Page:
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On “Disengagement,” Civil Disobedience, And IDF Military Refusals (First of Two Parts)


Beres-Louis-Rene

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A dear friend of mine in Israel, a hard-fighting veteran of all too many wars, was asked to summarize his view of the “disengagement.”

“What,” I inquired, “do you think of the forcible deportation of Jews from Jewish lands in Gaza and parts of Samaria by the government in Jerusalem?”

Never one to mince words, here is his succinct reply: “The entire scheme, described euphemistically as ‘disengagement,’ is irrational, fatally dangerous, unjust, immoral, illegal and disgustingly inhumane. It is being forced upon Israel by blatantly undemocratic means, and its underlying cause is auto-anti-Semitism.”

The Sharon Government’s edict to evict Jews is a clear expression of Jewish self-hatred, and it is not only the right of each individual Israeli soldier to reject this edict, but his sacred duty to do so.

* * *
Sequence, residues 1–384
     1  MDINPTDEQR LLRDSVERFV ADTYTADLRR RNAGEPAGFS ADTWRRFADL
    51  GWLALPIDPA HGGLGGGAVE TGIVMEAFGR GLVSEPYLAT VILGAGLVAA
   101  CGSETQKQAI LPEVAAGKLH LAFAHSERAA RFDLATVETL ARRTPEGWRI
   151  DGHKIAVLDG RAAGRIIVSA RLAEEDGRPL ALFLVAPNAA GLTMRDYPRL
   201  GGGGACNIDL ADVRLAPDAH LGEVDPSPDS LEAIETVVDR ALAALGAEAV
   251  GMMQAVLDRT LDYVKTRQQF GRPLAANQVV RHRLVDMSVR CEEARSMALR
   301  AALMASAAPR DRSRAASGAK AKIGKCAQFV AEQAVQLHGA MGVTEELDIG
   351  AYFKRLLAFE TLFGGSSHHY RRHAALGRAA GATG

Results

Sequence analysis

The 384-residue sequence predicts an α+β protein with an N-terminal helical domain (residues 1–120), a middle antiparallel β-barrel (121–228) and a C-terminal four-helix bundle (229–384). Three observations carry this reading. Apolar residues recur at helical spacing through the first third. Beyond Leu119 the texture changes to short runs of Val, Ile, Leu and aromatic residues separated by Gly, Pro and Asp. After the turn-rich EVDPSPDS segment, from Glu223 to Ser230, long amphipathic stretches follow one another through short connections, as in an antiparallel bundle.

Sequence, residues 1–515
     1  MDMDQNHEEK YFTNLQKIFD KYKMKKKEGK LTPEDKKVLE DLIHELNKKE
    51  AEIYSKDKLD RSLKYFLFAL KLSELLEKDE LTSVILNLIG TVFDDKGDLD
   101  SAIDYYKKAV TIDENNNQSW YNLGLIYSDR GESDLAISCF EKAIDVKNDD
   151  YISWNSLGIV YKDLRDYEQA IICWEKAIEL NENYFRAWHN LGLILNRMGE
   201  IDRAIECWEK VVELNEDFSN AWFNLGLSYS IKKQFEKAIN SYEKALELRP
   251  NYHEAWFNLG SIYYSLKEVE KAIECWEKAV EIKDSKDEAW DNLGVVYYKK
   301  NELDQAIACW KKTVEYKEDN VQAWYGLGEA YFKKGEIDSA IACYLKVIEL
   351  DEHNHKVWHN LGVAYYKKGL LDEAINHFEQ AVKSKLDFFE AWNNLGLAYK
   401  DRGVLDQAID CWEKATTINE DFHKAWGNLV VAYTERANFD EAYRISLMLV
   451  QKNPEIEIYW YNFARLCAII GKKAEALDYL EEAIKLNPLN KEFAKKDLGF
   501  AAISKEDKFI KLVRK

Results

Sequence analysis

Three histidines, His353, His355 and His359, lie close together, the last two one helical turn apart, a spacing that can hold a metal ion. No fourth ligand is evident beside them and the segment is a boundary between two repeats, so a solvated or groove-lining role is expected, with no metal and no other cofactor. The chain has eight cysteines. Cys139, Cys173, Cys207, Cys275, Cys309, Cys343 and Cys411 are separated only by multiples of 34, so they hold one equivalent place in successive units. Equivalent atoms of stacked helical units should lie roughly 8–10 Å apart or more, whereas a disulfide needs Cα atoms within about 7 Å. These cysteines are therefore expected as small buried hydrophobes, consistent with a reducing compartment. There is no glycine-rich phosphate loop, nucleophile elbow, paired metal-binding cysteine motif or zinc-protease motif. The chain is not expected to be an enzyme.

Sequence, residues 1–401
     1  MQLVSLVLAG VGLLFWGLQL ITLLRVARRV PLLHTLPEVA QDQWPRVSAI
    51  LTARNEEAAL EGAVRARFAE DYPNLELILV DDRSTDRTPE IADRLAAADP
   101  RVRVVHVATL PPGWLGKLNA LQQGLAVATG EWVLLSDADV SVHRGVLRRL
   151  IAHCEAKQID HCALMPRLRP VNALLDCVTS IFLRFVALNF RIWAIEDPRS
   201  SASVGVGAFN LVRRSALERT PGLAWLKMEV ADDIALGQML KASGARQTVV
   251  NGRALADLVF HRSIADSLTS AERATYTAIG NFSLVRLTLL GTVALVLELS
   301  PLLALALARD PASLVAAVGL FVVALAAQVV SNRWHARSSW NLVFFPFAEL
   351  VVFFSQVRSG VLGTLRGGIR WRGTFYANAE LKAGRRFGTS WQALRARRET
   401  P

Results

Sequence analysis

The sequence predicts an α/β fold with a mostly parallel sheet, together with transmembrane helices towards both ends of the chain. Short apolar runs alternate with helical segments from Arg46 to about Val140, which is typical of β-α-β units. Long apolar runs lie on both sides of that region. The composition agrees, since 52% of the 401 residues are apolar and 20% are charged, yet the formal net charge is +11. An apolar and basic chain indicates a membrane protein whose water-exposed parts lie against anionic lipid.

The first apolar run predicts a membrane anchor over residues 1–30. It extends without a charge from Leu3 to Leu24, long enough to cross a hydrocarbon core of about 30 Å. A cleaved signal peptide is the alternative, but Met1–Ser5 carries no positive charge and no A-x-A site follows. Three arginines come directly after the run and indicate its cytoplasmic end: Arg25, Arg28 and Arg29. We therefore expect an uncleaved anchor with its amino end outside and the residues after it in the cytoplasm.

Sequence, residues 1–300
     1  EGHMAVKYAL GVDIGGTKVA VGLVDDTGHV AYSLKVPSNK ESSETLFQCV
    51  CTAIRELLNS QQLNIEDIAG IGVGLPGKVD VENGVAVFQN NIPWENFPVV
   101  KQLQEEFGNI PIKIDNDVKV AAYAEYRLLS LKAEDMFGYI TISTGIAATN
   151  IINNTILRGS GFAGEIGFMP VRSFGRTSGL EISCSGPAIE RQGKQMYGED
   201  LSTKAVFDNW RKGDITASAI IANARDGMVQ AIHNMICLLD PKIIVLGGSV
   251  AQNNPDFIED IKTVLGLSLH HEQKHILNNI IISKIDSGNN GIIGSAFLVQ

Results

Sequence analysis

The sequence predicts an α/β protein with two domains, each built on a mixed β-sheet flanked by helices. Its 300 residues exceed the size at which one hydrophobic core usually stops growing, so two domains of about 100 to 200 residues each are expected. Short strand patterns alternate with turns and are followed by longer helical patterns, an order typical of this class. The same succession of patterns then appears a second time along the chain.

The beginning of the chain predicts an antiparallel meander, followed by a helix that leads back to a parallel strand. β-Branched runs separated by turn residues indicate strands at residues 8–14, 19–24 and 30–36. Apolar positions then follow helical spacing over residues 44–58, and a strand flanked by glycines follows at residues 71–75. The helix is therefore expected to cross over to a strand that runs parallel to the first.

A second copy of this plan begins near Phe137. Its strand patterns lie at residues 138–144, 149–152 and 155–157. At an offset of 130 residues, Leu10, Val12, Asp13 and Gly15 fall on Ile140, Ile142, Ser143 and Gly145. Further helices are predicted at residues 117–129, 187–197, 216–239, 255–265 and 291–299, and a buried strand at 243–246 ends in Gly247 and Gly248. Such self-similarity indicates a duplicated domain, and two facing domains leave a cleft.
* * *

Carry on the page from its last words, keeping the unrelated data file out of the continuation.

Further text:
There is more. The axis of conflict and disagreement between one group of Jews and another here is not at all straightforward. It is not the IDF against the “settlers”. The existential danger of territorial surrender is now facing each and every Jew in Israel. Some of the very best soldiers in the IDF are “settlers” themselves, and all of the “settlers” have unassailably deep ties to the Jewish army.

Will military refusals to participate in the expulsion of Jews cause the IDF to weaken or even to disintegrate?

“On the contrary,” writes Moshe Feiglin of Manhigut Yehudit. “It will strengthen the IDF morally and establish its right of existence. Real conscientious refusal will not lead to a situation in which everyone does as he likes. The soldiers who are refusing are the outstanding ones who wish to serve and make sacrifices for the nation and the country.”